The Director’s Chair: April 2019—Scott Taylor

The Director’s Chair: April 2019—Scott Taylor

TMI Welcomes Scott Taylor

Scott Taylor 2019.jpgAs of this writing, it has been almost five weeks since I took my place in the “Director’s Chair” here at TMI. That means I have about sixty-five days remaining in my first one hundred days. My plan is to take these first hundred days to observe, to listen—intently—to absorb, before taking substantive action. I want to hear from our staff, trainers, our board members, volunteers, participants, and stakeholders of all flavors. There are countless moving parts to TMI that need to be respected and heard.

The lens through which I perceive the Institute is that of a veteran program trainer. It’s been a good, clear lens for thirty-four years. Now, I need to look at the Institute through multiple lenses, so—I will do that.

As many of you know, my predecessor Nancy “Scooter” McMoneagle is, among her many talents, a professional astrologer. Of course, she used that knowledge to TMI’s advantage during her tenure. When settling on the date for our exchange, Scooter recommended March 4th so that I would be in place before Mercury went retrograde on the 5th.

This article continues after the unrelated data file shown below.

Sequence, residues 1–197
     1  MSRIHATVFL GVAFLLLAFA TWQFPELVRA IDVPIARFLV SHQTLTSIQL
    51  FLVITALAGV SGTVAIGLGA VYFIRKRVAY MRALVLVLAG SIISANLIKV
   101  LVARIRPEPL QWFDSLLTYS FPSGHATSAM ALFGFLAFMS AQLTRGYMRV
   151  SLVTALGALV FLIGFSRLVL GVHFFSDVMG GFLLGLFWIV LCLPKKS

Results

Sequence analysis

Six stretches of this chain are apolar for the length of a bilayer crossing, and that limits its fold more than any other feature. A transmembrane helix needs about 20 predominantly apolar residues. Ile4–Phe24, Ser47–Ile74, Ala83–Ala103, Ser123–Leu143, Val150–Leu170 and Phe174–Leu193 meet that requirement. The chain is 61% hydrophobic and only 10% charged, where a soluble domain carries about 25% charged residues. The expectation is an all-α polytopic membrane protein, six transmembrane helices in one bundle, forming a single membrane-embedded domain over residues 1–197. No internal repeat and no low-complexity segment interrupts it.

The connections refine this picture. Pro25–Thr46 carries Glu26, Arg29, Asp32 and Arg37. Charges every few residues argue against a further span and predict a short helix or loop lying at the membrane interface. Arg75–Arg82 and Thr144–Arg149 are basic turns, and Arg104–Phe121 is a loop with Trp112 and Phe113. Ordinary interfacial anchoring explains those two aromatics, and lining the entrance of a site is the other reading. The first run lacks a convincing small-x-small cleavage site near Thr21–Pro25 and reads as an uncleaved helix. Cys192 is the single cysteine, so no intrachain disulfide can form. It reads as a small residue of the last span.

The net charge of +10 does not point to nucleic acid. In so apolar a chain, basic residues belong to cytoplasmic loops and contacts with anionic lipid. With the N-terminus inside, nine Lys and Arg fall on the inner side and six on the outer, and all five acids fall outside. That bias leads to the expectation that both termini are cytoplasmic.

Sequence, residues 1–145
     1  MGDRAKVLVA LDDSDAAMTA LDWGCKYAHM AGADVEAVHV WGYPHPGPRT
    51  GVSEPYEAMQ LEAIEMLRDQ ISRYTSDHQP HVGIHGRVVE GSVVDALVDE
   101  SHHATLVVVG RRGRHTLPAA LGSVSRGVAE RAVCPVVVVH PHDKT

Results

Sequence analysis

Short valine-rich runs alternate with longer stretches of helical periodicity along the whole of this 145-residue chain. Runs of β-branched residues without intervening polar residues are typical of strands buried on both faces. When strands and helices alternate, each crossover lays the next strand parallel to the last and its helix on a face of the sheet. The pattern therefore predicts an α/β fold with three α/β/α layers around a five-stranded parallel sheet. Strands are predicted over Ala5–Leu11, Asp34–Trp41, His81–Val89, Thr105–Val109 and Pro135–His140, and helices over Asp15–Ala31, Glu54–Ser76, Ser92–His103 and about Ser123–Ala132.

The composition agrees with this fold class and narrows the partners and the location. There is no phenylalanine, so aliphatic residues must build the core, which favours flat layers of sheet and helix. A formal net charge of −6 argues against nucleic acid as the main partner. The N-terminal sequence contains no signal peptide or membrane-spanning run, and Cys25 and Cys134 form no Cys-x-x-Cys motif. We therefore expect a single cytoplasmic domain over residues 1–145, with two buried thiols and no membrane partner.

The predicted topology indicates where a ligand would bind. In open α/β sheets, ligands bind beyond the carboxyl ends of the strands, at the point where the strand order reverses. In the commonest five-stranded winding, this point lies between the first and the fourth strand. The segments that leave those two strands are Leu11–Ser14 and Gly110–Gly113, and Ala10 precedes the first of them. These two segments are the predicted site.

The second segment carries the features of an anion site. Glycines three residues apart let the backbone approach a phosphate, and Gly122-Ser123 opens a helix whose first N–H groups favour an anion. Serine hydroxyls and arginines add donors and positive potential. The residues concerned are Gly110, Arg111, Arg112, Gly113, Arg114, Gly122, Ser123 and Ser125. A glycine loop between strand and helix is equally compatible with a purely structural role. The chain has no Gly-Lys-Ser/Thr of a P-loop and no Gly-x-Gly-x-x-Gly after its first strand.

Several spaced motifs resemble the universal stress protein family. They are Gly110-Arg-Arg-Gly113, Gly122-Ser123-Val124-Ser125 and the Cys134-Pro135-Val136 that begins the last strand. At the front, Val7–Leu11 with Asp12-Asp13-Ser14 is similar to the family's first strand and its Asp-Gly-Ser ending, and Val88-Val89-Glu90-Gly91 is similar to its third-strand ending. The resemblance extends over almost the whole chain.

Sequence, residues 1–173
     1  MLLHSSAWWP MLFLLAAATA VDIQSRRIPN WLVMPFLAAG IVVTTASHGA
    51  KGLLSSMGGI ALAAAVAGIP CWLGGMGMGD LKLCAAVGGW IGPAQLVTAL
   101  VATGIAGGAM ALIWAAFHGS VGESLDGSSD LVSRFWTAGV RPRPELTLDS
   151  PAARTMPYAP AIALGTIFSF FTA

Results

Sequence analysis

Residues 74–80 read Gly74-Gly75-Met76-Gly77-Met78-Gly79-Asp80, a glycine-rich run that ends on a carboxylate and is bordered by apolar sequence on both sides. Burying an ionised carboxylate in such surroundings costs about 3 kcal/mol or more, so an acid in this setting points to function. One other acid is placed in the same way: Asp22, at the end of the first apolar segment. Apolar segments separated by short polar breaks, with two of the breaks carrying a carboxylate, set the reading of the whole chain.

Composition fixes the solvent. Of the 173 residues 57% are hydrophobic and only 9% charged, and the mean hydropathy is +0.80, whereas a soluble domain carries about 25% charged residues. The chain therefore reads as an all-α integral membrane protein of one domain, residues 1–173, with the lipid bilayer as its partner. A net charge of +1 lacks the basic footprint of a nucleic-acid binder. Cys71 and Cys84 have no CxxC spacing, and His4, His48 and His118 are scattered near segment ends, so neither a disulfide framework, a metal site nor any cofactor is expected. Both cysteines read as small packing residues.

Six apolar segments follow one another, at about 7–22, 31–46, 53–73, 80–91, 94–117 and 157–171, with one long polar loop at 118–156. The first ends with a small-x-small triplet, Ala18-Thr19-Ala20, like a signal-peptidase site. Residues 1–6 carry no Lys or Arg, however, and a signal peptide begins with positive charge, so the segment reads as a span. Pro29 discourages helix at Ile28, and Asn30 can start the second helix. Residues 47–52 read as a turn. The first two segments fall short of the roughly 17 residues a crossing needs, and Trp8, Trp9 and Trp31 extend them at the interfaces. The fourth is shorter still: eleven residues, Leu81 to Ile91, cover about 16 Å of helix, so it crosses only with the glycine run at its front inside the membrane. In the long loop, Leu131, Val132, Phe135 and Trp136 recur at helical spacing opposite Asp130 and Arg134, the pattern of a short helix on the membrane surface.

My own retirement as a professor of small business management occurred on March 1st. Immediately, I hit the road to drive 1,152 miles from Minneapolis, Minnesota, to my new home in Virginia. What a journey that was! And a perfect metaphor for this immense and exciting life change.

I left the frozen north during a blizzard. Continuing east, I was struck by the awesome beauty of the USA. Snow gave way to endless farmland throughout the flat terrain of Illinois and Indiana. On I drove into the gorgeous rolling hills of Ohio. I was unprepared for the utter magnificence of West Virginia. Driving into the Blue Ridge Mountains, I watched as clouds filled and danced through the ridges and valleys. It was breathtaking. And now it was mine. I arrived at TMI on a Sunday after three days on the road.

That night I twisted my ankle. It was the Universe telling me, “Don’t go so fast. Learn what you need to learn.” By the time my ankle is fully healed, I’ll have a better perspective on right action as pertains to my role with TMI. It’s important to recognize milestones, to honor the steps, the skills. With it comes personal responsibility.

Meanwhile, Mercury retrograde has shown its teeth. Shortly after I stepped into my new role, the air-conditioning unit up at the Roberts Mountain Retreat center died, a water heater at the Nancy Penn Center went belly up, and the icemaker experienced a permanent out-of-body and flooded the kitchen. So, okay, maybe I need to take SOME action before the one-hundred-day mark.

To our brightest future,

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Scott Taylor, EdD
President & Executive Director

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